Recruitment of leukocytes is a hallmark of stent thrombosis

August 30, 2015

London, UK - 30 Aug 2015: Recruitment of leukocytes is a hallmark of stent thrombosis, according to results from the PRESTIGE study presented today at ESC Congress1 and published in European Heart Journal.2 The findings suggest that immune cell mediated thrombotic processes may be a realistic target for novel therapies to prevent stent thrombosis.

"Stent thrombosis (ST) is a life-threatening complication of percutaneous coronary intervention and recent large scale clinical registries reported an incidence of up to 0.4-0.6% per year," said principal investigator Professor Steffen Massberg, director of the Department of Cardiology at the Ludwig-Maximilians University (LMU) Munich, Germany. "The majority of ST patients present with acute myocardial infarction and rates of mortality following presentation are as high as 20-40%."

He continued: "The incidence of ST is highest within the first 30 days after stenting, however, patients treated with drug-eluting stents (DES) - the dominant devices used in contemporary practice - have been shown to be at higher risk of late ST. Clinical practice guidelines therefore recommend a more prolonged duration of dual antiplatelet therapy after stenting with DES as compared to after bare metal stents."

The PREvention of late Stent Thrombosis by an Interdisciplinary Global European effort (PRESTIGE) consortium was established to investigate the mechanisms triggering stent thrombosis across Europe. As part of this study, thrombus specimens retrieved from catheter thrombectomy were systematically collected and analysed in a central core laboratory at the German Heart Centre in Munich, Germany. The main findings from the histopathological evaluation of thrombus specimens from these patients are presented today by Dr Julia Riegger, a cardiologist at the Department of Cardiology at the LMU in Munich.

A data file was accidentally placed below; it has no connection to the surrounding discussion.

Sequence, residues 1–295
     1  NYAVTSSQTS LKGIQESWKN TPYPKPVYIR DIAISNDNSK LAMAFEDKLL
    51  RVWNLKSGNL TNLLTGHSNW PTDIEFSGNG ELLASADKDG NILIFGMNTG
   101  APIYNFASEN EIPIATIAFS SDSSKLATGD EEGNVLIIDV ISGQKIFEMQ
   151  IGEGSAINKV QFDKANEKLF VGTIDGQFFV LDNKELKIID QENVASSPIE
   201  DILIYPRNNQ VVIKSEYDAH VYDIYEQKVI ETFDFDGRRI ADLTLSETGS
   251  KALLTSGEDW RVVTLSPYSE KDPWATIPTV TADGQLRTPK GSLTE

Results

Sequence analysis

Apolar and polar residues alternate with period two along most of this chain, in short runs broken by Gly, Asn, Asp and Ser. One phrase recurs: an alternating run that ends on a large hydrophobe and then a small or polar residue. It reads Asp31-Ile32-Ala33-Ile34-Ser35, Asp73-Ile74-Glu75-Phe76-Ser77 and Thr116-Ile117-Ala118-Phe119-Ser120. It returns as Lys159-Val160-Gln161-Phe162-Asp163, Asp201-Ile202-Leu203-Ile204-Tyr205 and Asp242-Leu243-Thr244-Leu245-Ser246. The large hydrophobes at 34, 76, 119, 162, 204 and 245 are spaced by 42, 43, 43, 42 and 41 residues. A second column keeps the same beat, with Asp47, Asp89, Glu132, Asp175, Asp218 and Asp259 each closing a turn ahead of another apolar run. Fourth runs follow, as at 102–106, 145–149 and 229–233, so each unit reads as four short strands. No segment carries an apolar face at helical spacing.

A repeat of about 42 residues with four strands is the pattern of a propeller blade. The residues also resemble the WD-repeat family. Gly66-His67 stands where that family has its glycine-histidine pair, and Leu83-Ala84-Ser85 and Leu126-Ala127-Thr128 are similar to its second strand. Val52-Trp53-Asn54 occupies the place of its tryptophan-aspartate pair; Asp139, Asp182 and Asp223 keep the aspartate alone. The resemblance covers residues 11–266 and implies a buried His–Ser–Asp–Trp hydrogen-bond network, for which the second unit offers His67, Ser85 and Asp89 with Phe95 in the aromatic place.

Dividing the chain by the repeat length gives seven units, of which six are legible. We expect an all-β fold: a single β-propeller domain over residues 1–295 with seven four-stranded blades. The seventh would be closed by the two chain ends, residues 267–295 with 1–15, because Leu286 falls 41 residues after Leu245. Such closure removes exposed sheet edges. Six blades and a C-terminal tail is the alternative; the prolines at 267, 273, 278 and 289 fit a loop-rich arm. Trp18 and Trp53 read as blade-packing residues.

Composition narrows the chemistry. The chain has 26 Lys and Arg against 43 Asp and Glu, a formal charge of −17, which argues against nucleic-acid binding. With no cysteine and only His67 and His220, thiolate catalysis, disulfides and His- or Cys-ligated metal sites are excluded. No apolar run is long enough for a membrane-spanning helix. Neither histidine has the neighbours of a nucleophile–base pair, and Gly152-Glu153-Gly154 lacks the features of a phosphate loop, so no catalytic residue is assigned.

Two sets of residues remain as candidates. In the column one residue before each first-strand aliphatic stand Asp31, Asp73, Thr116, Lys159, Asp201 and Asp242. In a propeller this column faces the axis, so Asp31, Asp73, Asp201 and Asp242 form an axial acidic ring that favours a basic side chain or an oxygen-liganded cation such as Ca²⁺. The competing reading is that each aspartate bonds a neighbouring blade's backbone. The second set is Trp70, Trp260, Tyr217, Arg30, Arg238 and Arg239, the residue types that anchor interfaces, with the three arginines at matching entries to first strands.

Dr Riegger said: "Although some pathological processes associated with ST have been identified, the triggering mechanisms remain incompletely understood, and the influence of factors such as timing of ST after the procedure, stent type or polymer coating is poorly characterised. In particular, the potential role of immune cells and related extracellular components has not been elucidated in detail."

The PRESTIGE substudy presented during ESC Congress included patients with ST and undergoing thrombus aspiration at nine centres in Europe between 2010 and 2014. Thrombus specimens were analysed histologically at a core laboratory. Overall 253 thrombus specimens were analysed. Of these, 79 (31.2%) were from patients presenting with early ST and 174 (68.8%) from late ST, while 79 (31.2%) were from bare metal stents, 166 (65.6%) from DES and 8 (3.2%) from stents of unknown type.

The investigators found that the thrombus specimens had heterogeneous morphology with platelet-rich thrombus and fibrin/fibrinogen fragments being most abundant. Leukocyte infiltrations were hallmarks of both early and late ST with neutrophils representing the most prominent subset. Neutrophils were found in similar amounts in early and late ST. "It is important to note that leukocyte counts were significantly higher compared with a control group of patients with thrombus aspiration in spontaneous myocardial infarction," said Professor Massberg.

Neutrophil extracellular traps (NETs), which are prothrombotic extracellular DNA released by neutrophils, were observed in 23% of samples. Eosinophils were present in all stent types, with higher numbers in patients with late ST in sirolimus-eluting and everolimus-eluting stents. "The presence of NETs supports their pathophysiological relevance in ST, while eosinophil recruitment suggests an allergic component to the process of ST," said Professor Massberg.